• It also has the advantage of fitting well visually into the Pope Stephen Dab, and of saying, fairly NPoV-ly, that he's got some claim to have "Pope" in front of his name, yet stands in clear contrast to the usual case of consecrated popes. Note that the numbers are just ways of telling popes apart, so there is IMO no need to get "II" into the title of his article.
  • What my scheme offers that 132's does not is that mine is agnostic on two questions:
    1. The truth of the claim that Sv makes somewhere, that most historians have adopted the Vatican's version. In fact, i think proposals that treat "1961" as normative face a greater burden than that, bcz most historians who have had to take a stand may well be employees of Catholic educational institutions. If most historians who owe no intellectual loyalty to the post-1960 popes concur, it would suggest that the PoV problem is solved; for 132's version i think that would be necessary.
    2. Whether the historians from the Renaissance thru 1960 can be written off. Since they did the heavy lifting, the modern scholars may well be a marginal factor in the whole literature, limited to specialized areas where new tools offer a chance to turn a corner of the field on its head. In fact, if the trend to close Catholic primary and secondary schools in the U.S. heralds troubles ahead for American Catholic post-secondary education, and the relative influence of Third World Catholics continues to grow, interest in the medieval church may see further decline: post-1960 scholarship on these people may never be a noticably more significant part of the whole than it is today.
    Mine also has more detail on the aspects that 132's and mine have in common, which may by analogy help flesh out 132's scheme in Sv's mind.
    --Jerzyt 05:11, 21 February 2006 (UTC)
    • Sir,
    First of all, I want to apologize if my attitude here seems agressive. I's not my aim, and my lack of trust in my knowledge of english may be an aggravating factor. I lack time to answer entirely, but it will force me to be brief.
    As I already said, when you look at the names of popes Stephen in the different language versions of Wikipedia, you'll see that some number them as Stephen I to X, and the other from I to IX. In French, popes Stephen are numbered from I to IX and it's not the result of my actions. The ephemeral was at first called Étienne II (752) and I moved it to Étienne (pape éphémère). For sure, one can always find a better name. But Étienne III (pape) has always been Étienne III (pape).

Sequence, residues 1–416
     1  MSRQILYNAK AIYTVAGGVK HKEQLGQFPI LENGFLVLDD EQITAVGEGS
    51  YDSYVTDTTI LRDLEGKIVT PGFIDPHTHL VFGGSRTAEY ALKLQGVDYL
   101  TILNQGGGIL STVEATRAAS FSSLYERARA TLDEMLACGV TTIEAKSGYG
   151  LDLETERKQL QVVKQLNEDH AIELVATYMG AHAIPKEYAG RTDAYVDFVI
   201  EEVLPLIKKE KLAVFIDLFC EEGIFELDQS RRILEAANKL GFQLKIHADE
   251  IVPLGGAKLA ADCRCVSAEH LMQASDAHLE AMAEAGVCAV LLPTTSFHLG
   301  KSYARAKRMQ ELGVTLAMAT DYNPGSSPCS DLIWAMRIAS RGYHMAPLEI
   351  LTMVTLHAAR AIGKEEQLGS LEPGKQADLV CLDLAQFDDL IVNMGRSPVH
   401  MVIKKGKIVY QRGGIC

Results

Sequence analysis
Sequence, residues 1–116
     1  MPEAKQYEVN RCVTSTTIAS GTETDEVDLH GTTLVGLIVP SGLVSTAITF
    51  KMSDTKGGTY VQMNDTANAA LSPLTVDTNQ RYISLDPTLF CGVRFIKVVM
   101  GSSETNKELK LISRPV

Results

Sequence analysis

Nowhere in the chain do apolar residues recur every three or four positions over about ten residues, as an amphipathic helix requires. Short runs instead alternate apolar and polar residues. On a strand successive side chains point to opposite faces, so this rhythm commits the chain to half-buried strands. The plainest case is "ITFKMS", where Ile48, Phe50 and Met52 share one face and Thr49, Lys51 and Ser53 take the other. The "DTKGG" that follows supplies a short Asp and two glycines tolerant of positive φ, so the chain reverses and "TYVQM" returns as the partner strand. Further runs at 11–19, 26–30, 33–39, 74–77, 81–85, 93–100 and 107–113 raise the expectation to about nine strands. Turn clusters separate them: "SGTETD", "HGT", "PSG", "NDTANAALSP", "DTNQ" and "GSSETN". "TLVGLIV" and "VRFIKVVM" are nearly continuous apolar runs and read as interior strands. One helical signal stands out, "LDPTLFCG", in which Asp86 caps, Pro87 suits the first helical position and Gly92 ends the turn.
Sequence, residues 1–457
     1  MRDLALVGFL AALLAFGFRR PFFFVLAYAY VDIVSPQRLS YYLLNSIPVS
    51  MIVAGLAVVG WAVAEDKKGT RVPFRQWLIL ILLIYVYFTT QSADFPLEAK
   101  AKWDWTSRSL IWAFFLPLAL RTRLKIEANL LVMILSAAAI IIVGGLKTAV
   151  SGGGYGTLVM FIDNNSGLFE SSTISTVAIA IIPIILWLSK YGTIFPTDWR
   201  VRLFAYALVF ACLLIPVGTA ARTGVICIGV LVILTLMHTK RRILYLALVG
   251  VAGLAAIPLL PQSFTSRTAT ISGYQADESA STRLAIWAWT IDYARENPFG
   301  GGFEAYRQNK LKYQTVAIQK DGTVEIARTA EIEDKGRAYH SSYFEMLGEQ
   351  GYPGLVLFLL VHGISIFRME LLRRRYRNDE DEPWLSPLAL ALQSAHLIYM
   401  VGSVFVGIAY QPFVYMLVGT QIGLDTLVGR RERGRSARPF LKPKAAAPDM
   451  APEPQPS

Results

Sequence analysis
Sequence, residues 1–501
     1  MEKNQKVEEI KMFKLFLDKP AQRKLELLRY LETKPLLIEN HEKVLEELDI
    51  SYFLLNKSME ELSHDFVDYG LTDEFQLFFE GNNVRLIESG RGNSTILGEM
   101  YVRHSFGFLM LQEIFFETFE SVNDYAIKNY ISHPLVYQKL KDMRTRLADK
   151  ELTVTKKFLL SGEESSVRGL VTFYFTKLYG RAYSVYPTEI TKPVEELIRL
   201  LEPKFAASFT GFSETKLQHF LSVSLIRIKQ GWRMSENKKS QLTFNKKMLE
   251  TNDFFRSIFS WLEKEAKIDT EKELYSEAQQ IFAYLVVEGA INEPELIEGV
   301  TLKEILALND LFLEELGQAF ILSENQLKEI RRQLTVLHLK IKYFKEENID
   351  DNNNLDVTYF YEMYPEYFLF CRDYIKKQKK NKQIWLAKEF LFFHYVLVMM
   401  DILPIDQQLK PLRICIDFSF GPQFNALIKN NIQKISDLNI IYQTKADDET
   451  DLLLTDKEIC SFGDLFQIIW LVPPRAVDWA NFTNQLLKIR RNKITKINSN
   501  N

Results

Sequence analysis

I think the lack of correspondances between the different language versions of Wikipedia is a problem. When you are on Pope Stephen IV and you see it's french name is Étienne III (pope), his polish name Papież Stefan IV (with a redirect to Stefan IV), his german name Stephan III. (Pabst) and his dutch name Paus Stephanus III (IV) (sic), you understand there is a problem of continuity. The consistency of the "Stephen-I-to-X-system" adopted in the english Wikipedia is apparent only if you ignore the links to the other languages. I wanted to add some consistence here.
    The problem is most of foreign language versions of those articles are simply the translations of the english one. Compare for exemple this old version with dutch, italian or portuguese. I thought if I rename the popes Stephen in english, the other languages will follow.
    There is no "official list of popes" but the list of the Annuario pontificio is considered the "reference list". And nowadays, this list counts only nine popes Stephen (it's not really true, there are footnotes on the list... I'll hope to translate in English the introduction of an article in french I wrote about the subject). So, who's right? Who's wrong?
    To decide if "the ephemeral Stephen" must be counted or not counted as a pope is not our affair. There are a lot of far more questionnable choices in the lists of popes. For exemple, most historians consider Pope Silvester III as an antipope, but the list of the Annuario pontificio apparently doesn't (but there are footnotes again...). On Wikipedia, he's still called a pope. Why? Is that a PoV from the redactor? No: it's just because he is refered as a pope in the reference list and so, it's simpler to call him a pope with a redirection from Antipope Silvester III. He may be a pope, or he may be an antipope, but the important things are:
    1. To find him easily on Wikipedia,
    2. To explain in his article why there is a controversy on him.
    So, what about our Stephens?
    My answer is exactly the same: